Some thoughts on the immediate aftermath of the 2012 American election
I actually thought I would relish Mitt Romney’s losing speech, but I didn’t. As odious a human being as he is, it’s hard to lose an election. It’s especially hard to publicly lose something you’ve been fighting for for seven years, and now that I know Mitt Romney has about as much chance of ever being President as I do, I actually feel a modicum of pity for him. He seems like a very bitter and entitled man, more interested in the Presidency for the validation it would confer on him than because of any actual political convictions. He was a centrist as Governor, an extremist during the Primaries, and then went back to being a centrist for the national elections. That it is now impossible to be simultaneously right-wing enough to win the Republican primary, and moderate enough to win the Presidential election, appears to be a given. If the Republicans have any hope of winning in 2016, they need to wrench power away from the neofascist Tea Party wing which currently control the party. It’s not just a moral imperative for the party to stop relying almost entirely on the votes of angry white people happy to blame the country’s ills on blacks, gays, Muslims and single women – it’s a matter of political survival. The strategy didn’t work.
When the Romney and Ryan families joined Mitt on stage – two straight, white, conventionally-attractive heterosexual millionaires, with their two blonde, conventionally-attractive wives, with Mitt’s five ultra-privileged, heterosexual sons, and everyone was awkwardly hugging each other and smiling at an audience chanting “U!S!A!”, which always reminds me of the Two Minutes Hate bit in 1984 when everyone starts chanting “BB”, anyway, the whole scene seemed to me the death throes of a certain vision of America – one that is explictly rooted in sexism, homophobia and white supremacy. These sentiments are still widespread, in America and abroad. But the Republicans had one last shot at winning an election through appealing mainly to angry and misinformed white people, and it didn’t work. Because of demographics, yes, but also, I hope, because of progress. This election was theirs to win, and losing it to such a fragile incumbent is testimony to a strategy that was hopefully condemned to the dustbin of history approximately eight hours ago. Not many general elections are won by a candidate who essentially told half of his electorate to go fuck themselves. Romney may think it’s not his job to worry about “those” people, but it is demographically essential for the GOP to widen their base. How they do attempt to do this over the next four years will be interesting.
My emotional reaction to Obama’s victory speech surprised me as well. Ten minutes in, and I was crying. It was 8am, I was sitting on the sofa in a friend’s bedsit in Nottingham, weeping at the victory speech of a man I will never meet and whose policy positions I mostly disagree with. It was the crowd shots which set me off. All those people cheering and weeping for a candidate they put faith in, at the end of an election which seemed at times like an epic Manichean battle. I love seeing people getting involved in the democratic process. It just moves me. The closest thing I have to a religion is a belief in the importance of empathy and equality. I know many people hold those values while coming to very different conclusions about which policies will best implement them, but anything is better than apathy. Sometimes I think I have more in common with the people I ardently disagree with than I do with the people who are just apathetic about the world outside their front door. And as I switched between the BBC coverage and the reactions of my friends on Facebook and Twitter, it occurred to me how thankful I am for the many people in my life who take an interest in the world around them. Even the Romney supporters. Even the Tories. When I saw footage of the celebrating crowds in Chicago and Washington DC last night, it made me happy because I saw people engaged in that endless quest for solutions to the only problem which really matters – how to live well, together. We may never get there. But when I see people actively participating in the democratic process, even when I disagree with them, and even when it seems futile, I feel they are expressing something that is fundamental to their humanity, and it makes me tear up.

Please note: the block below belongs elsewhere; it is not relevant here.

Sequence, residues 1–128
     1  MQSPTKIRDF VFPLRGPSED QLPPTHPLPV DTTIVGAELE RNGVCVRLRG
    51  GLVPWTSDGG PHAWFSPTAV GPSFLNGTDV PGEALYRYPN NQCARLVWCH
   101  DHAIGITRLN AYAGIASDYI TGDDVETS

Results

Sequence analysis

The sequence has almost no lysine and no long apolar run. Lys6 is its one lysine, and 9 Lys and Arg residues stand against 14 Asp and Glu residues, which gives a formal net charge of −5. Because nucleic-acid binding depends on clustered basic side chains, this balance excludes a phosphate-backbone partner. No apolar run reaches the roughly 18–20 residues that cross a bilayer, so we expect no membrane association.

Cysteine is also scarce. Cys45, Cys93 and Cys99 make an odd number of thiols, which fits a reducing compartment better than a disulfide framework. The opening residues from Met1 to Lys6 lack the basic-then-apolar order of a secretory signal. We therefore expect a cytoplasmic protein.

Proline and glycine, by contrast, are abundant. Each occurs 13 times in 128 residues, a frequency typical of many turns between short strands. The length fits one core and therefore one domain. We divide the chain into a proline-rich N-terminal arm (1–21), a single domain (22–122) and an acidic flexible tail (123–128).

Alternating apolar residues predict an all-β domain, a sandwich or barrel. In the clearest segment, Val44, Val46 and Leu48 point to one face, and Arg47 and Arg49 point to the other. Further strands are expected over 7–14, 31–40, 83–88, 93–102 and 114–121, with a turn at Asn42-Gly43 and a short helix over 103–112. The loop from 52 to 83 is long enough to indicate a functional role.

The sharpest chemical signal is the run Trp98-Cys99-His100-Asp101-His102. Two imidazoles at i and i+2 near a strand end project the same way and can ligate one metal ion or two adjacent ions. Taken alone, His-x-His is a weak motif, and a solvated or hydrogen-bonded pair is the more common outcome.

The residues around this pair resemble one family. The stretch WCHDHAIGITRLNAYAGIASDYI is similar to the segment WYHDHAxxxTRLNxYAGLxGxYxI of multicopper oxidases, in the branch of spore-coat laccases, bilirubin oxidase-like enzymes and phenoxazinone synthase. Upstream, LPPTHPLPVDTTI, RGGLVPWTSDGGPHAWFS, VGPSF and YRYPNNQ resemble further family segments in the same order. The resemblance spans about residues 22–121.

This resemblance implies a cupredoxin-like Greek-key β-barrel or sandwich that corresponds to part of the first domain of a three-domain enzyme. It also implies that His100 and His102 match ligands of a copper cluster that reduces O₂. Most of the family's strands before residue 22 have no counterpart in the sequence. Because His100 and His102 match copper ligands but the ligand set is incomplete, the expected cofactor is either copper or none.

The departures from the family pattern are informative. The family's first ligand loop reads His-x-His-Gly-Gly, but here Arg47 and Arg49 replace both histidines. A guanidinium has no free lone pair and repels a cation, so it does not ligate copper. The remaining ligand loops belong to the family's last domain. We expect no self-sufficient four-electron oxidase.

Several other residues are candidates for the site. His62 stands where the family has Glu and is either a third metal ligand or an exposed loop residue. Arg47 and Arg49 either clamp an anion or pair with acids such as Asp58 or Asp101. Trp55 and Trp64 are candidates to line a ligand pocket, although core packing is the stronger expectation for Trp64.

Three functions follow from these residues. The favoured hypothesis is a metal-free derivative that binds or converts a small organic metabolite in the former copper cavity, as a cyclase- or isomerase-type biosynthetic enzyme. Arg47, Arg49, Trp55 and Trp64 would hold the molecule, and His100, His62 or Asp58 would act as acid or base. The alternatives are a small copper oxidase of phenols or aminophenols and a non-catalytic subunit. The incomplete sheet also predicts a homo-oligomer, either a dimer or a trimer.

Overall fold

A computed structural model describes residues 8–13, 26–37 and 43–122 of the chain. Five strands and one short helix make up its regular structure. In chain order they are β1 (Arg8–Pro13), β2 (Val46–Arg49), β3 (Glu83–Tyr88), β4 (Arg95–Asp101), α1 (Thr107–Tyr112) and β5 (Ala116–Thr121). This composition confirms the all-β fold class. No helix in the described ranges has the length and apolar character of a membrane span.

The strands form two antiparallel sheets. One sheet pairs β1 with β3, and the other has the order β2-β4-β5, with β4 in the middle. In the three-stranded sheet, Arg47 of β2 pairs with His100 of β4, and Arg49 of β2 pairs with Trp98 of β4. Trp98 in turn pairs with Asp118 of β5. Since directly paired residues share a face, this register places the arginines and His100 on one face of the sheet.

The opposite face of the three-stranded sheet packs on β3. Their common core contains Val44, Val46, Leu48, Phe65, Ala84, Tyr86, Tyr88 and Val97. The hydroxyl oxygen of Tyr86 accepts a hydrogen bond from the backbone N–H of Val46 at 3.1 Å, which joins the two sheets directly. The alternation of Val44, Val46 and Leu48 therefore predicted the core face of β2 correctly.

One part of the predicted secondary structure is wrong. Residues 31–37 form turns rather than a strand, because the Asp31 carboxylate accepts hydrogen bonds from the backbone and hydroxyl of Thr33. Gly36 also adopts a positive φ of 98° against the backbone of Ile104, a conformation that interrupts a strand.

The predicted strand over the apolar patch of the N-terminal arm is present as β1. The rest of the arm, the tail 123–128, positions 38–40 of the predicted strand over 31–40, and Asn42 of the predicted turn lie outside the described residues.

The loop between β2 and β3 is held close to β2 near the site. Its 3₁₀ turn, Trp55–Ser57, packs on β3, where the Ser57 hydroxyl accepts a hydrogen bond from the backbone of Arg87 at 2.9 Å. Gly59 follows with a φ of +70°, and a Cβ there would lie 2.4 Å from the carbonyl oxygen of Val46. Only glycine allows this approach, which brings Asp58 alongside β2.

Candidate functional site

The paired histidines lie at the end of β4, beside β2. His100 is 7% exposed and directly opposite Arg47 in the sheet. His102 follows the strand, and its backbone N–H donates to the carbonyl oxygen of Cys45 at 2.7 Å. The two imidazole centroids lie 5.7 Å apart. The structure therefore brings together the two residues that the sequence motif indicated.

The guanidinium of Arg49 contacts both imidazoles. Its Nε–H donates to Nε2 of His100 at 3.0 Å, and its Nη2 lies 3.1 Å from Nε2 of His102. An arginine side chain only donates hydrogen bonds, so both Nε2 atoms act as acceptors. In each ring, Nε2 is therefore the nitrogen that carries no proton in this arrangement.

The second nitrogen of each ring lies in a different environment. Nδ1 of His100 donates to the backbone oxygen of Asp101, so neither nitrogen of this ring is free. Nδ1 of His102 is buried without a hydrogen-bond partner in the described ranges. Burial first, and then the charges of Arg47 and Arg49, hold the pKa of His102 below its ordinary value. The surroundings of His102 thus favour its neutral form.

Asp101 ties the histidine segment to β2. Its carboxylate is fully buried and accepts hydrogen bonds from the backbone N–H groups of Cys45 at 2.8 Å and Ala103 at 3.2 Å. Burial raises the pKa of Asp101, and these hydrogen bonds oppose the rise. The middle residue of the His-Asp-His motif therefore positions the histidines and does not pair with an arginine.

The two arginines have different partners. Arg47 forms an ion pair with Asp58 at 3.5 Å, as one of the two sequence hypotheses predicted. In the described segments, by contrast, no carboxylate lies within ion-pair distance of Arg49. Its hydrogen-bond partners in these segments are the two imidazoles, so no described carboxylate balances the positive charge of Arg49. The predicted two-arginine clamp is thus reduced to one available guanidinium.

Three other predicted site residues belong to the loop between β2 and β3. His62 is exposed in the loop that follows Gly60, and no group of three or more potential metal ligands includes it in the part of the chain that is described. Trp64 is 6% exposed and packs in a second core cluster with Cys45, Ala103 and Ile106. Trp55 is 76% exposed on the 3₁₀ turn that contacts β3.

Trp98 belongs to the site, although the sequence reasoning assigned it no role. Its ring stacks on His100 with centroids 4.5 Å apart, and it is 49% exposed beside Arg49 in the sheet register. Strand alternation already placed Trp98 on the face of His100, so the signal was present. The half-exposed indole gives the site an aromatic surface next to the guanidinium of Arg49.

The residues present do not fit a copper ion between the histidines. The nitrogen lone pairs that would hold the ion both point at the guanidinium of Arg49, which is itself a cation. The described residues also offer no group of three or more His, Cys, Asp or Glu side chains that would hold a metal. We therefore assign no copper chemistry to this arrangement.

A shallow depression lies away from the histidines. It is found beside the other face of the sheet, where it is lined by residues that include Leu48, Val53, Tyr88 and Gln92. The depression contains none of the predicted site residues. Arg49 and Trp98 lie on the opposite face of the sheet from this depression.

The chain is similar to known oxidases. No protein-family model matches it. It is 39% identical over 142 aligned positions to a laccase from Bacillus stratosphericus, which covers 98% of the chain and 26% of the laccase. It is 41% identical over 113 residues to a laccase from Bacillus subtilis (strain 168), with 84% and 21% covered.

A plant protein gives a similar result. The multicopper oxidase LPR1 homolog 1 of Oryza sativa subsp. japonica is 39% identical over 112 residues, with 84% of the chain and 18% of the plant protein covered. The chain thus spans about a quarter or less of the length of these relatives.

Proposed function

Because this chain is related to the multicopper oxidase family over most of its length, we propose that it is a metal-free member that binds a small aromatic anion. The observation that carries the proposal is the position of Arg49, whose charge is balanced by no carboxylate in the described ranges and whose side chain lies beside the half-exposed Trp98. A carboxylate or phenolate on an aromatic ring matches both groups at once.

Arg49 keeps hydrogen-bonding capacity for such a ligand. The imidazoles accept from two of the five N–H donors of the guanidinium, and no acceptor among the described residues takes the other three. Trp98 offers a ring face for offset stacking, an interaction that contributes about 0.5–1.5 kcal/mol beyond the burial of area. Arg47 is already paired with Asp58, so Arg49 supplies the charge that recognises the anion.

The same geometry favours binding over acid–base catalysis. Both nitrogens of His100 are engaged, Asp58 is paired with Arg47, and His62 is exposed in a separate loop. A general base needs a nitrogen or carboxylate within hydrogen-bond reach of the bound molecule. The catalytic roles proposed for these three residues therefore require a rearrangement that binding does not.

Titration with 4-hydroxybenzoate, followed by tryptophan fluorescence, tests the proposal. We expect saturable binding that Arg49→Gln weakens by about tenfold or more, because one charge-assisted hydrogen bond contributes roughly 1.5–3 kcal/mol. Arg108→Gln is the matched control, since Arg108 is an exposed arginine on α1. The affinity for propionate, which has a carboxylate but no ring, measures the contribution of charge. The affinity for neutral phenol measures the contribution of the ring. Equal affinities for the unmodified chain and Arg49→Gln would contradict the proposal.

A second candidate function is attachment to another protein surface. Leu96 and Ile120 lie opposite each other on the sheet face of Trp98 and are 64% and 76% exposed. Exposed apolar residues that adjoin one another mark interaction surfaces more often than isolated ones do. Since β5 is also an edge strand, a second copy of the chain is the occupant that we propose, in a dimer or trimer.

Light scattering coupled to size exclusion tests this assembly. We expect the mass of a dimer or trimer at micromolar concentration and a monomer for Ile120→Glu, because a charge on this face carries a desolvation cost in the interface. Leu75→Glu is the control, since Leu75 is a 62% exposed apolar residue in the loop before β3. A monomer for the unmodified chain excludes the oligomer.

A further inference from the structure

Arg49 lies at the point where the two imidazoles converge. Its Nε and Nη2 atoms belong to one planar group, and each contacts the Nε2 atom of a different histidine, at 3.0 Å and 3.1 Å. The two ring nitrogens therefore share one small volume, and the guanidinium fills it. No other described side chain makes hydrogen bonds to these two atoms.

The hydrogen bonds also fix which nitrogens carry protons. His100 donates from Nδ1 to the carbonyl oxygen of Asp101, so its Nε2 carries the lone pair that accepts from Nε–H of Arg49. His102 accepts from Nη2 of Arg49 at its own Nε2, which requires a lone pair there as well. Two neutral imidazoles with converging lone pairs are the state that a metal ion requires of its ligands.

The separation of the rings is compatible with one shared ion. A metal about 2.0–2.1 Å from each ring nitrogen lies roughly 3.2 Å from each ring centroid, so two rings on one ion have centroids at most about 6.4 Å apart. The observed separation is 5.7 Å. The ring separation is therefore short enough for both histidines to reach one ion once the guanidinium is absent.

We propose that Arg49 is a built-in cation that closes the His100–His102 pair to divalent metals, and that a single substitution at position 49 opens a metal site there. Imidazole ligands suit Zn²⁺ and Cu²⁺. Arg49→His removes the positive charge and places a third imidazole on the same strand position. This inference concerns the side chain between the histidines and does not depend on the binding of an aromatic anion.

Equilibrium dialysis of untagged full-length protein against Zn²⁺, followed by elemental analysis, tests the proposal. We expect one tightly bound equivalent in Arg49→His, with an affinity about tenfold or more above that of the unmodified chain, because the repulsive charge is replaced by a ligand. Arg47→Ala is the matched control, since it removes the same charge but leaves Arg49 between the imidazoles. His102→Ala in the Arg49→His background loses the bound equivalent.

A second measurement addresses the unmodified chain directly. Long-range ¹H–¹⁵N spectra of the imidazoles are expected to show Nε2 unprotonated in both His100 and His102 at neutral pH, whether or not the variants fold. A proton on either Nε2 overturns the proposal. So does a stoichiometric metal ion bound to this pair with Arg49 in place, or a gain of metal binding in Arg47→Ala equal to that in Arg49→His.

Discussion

Obama’s victory speech included the line that “the duties of a citizen in a democracy do not end with voting”. Here’s to four more years of a humane, intellectual progressive, and a mixed-race man born before the Civil Rights Act was passed, grappling with the most difficult job in the world. I wasn’t crying this morning because of Obama, I was moved when I saw shots of the crowds because I saw millions of people who care enough to inform themselves and get involved in politics. From the tiny stakes of student union politics to the US Presidential election, 2012 was a year in which I variously rooted for the electoral success of myself, Jean-Luc Melenchon, Ken Livingstone, and finally, Barack Obama. This is a long way of saying that I love elections, and last night reminded me why.